OSDFS Official Discusses Study that Tracks School Deaths

Bill Modzeleski serves as associate assistant deputy secretary of the U.S. Department of Education’s (ED) Office of Safe and Drug-Free Schools. The Challenge interviewed Modzeleski recently to discuss school-associated violent deaths. The department works with the U.S. Department of Justice (DOJ) and the Centers for Disease Control and Prevention (CDC) to collect data on each school-associated death.

Q: Why have ED and the CDC been collaborating on the school-associated violent death study?

A: In the early 1990s we had noticed an increase in school violence and were particularly troubled by the growing number of large-scale school shootings. The press picked up on the disturbing trend of young people coming into their schools to shoot classmates, teachers, or administrators. Congress took notice as well. Authorized as part of the Improving America’s Schools Act, the Safe and Drug-Free Schools and Communities Act established funds to help schools address factors that contribute to school-associated violence.

We needed to quantify the numbers of school-associated violent deaths, and at that time no federal agency was collecting these data. Because youth violence affects the public health and justice systems as well as the education system, it makes sense for ED to work collaboratively with the CDC and DOJ to monitor these events in a consistent and meaningful way.

Q: What data is collected, how is it collected, and how is it used?

The study collects detailed information about the victims and perpetrators, the schools where events occurred, and the circumstances surrounding the events. The CDC has a team of researchers who gather the data using a variety of media and Internet databases, vast contacts with state and local agencies, as well as police and school officials. Every identified case is researched first to determine if the incident occurred under the parameters set by the study.

We look at homicides, suicides, cases of legal intervention (meaning a victim who is killed by a police officer in the line of duty), and unintentional firearms deaths. To be considered school-associated, we include cases that occurred on the campus of an elementary or secondary school, on the way to or from school, or during an official school-sponsored event (including traveling to or from such an event). Victims include students and staff.

We use these data in several ways. First we are reporting them so that everyone has an idea of how many school-related deaths occur each year. Also we are finding patterns and commonalities in the events that may help schools prevent such deaths from happening. To help in this prevention, the data are used in developing interventions and shaping policies at the federal, state, and local levels.

Q: Don’t the FBI or local police agencies collect information on school shootings?

The FBI collects and reports national crime statistics but does not track schoolspecifi c incidents within those numbers. While some communities are able to get local crime data from their police departments, there are no centralized databases or national reporting mechanisms to track all school-related violent deaths.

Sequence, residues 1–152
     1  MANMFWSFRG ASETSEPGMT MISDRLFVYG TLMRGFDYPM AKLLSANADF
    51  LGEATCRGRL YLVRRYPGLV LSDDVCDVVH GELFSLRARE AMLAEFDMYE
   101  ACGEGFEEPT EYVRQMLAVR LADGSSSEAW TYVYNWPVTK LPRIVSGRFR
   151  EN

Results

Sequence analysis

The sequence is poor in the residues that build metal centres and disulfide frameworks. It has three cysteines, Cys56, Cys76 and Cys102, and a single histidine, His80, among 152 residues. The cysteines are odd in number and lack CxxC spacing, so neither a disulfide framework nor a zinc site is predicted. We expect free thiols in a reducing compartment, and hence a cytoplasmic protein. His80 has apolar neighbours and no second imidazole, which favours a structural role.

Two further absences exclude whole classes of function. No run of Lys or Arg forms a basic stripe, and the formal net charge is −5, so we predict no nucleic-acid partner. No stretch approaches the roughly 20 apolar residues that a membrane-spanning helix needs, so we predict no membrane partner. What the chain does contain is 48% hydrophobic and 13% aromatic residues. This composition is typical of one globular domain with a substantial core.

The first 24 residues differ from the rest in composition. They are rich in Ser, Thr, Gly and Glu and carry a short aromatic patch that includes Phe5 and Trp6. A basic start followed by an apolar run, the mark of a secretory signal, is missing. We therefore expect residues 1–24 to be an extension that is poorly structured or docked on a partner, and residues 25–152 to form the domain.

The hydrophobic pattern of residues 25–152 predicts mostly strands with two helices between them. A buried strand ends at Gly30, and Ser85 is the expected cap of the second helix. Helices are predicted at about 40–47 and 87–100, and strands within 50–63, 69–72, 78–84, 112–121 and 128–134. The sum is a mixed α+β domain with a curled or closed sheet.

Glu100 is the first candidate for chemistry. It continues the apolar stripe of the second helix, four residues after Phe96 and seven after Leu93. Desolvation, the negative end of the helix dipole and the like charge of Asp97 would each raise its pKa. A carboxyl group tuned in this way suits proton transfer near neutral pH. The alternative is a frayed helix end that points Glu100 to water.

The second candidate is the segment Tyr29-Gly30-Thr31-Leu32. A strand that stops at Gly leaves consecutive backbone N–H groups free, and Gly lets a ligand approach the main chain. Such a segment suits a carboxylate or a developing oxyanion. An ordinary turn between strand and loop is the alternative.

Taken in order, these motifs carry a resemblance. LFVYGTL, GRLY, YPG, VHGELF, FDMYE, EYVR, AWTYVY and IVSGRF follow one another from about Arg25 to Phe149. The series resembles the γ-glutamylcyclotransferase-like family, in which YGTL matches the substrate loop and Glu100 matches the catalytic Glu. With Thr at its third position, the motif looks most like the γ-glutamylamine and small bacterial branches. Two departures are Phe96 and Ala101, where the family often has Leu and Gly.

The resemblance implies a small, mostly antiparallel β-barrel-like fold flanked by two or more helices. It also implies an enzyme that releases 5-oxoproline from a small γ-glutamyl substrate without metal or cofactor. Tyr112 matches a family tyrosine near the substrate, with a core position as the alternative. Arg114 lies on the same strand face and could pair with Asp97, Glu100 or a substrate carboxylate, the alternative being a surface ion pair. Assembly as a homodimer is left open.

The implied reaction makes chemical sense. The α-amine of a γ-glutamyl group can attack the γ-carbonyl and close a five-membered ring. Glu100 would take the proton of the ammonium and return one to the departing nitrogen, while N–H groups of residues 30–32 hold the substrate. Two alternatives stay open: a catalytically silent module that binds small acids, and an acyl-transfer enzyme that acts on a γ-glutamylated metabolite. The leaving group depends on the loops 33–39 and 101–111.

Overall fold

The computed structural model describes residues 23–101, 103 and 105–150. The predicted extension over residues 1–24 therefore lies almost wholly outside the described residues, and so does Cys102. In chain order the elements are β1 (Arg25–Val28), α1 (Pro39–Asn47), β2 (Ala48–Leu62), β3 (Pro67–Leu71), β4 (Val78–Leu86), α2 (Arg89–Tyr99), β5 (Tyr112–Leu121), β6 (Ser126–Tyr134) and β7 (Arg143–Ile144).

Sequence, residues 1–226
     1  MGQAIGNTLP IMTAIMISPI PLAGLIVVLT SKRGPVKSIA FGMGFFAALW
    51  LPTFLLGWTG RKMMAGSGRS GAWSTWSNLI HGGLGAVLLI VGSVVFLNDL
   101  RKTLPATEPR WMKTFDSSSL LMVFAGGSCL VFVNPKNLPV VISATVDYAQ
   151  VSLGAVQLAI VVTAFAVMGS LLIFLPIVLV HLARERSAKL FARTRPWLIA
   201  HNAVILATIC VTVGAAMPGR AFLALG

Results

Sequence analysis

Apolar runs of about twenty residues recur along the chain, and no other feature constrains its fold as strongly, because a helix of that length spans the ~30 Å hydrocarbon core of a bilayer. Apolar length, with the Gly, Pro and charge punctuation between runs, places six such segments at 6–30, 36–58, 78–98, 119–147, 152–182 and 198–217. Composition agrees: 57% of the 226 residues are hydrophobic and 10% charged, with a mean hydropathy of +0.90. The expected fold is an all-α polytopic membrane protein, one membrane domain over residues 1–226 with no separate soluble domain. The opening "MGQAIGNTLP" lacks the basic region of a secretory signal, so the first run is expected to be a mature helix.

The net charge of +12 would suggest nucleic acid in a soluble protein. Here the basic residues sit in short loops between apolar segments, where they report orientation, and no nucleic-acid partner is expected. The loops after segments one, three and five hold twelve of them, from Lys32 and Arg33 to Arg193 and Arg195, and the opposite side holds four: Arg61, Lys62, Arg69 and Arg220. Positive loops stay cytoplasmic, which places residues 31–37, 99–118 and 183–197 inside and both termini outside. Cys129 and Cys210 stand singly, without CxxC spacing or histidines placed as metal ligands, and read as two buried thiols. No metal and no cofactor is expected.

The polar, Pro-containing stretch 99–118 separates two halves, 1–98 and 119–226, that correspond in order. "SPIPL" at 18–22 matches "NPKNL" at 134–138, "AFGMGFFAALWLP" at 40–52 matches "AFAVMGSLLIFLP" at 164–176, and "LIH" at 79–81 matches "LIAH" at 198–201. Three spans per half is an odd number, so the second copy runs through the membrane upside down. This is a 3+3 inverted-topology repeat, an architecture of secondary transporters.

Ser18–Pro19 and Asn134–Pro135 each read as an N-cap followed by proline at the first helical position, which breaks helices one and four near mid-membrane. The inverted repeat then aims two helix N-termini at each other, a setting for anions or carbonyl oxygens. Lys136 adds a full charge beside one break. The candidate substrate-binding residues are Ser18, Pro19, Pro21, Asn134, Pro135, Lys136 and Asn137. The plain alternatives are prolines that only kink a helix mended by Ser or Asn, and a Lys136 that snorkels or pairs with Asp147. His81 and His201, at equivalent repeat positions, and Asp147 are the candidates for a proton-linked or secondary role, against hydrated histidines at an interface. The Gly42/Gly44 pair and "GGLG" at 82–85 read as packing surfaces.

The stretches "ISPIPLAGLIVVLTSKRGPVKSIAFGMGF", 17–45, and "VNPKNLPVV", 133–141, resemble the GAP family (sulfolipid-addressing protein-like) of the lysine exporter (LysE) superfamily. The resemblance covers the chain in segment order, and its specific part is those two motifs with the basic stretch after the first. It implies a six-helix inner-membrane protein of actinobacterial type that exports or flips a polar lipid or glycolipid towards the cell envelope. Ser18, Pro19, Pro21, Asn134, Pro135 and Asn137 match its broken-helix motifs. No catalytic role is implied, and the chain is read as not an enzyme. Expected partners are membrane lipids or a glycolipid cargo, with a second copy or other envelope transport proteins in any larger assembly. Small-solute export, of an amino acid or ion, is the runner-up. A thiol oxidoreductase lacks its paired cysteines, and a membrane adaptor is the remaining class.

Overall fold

Q: What do the data show?

We see two trend lines. From 1992–99 we see an even trend with approximately 34 school-associated deaths per year. After a decline to 13 deaths during the 1999–2000 school year, the numbers have been going up again. It is important to be cognizant that one multiple homicide will increase the numbers, so we want to be careful when looking at these numbers.

These data show that schools need to be prepared for the possibility of violent deaths because they can occur anywhere, but these events are still extremely rare occurrences. Other types of school victimization and criminal activity are much more common and require constant attention. The U.S. has 53 million students attending elementary and secondary schools, and a tiny fraction of them fall victim to such tragedy. Furthermore, we see that less than one percent of homicides with victims ages 5 to 18 are school associated.

Q: Where can readers go for more information on these school-associated violent deaths?

Look to the ED or CDC Web sites (http://www.ed.gov and http://www.cdc.gov) for links to the Indicators of School Crime and Safety to find the annual statistics.

Two articles have been published that describe findings from this study, School- Associated Violent Deaths in the United States, 1992 to 1994 and School-Associated Violent Deaths in the United States, 1994–1999, both in the Journal of the American Medical Association. Another set of articles on the more recent data is in development.

Additional studies on school shootings include the Safe School Initiative, an analysis of 37 school shootings (41 shooters) conducted by ED and the U.S. Secret Service. The 2002 findings are available at http://www.secretservice.gov/ntac.shtml. The FBI analysis of 18 school shootings is published in 1999’s The School Shooter: A Threat Assessment Perspective, available online at www.fbi.gov/stats-services/publications/school-shooter..